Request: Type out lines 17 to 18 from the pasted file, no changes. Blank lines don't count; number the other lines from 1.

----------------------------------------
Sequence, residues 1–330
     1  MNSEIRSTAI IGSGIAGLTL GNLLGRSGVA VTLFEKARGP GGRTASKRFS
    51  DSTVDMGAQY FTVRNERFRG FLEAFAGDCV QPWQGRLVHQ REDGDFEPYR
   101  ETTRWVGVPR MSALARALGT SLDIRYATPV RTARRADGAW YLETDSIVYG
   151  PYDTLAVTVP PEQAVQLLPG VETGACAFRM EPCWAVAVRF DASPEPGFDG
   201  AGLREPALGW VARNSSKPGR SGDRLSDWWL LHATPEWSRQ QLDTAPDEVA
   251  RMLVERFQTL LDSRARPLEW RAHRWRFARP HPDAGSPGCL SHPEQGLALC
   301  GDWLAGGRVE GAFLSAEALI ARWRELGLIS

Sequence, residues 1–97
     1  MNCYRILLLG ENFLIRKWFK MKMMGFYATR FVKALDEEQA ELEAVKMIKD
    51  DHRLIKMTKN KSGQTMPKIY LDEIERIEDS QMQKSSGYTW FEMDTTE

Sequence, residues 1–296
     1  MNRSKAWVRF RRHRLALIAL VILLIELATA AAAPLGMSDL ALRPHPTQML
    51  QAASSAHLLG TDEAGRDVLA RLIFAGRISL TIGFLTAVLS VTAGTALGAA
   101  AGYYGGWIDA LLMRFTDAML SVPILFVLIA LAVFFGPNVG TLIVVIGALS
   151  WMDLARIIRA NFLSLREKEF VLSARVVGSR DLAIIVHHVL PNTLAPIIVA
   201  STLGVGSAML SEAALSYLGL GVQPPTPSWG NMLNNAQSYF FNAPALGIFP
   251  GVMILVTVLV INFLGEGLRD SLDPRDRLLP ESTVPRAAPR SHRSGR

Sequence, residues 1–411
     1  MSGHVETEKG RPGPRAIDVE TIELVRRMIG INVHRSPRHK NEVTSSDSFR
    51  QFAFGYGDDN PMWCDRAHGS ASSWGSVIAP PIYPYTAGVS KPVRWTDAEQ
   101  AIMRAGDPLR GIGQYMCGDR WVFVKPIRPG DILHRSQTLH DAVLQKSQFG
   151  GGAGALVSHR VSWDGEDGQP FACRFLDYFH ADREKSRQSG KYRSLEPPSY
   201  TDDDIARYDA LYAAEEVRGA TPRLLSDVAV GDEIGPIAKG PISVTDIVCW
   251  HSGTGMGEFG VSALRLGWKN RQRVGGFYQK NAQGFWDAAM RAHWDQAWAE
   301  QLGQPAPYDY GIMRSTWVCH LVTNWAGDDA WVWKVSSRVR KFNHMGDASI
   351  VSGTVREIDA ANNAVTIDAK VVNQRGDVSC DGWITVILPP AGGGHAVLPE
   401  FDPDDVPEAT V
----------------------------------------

   201  STLGVGSAML SEAALSYLGL GVQPPTPSWG NMLNNAQSYF FNAPALGIFP
   251  GVMILVTVLV INFLGEGLRD SLDPRDRLLP ESTVPRAAPR SHRSGR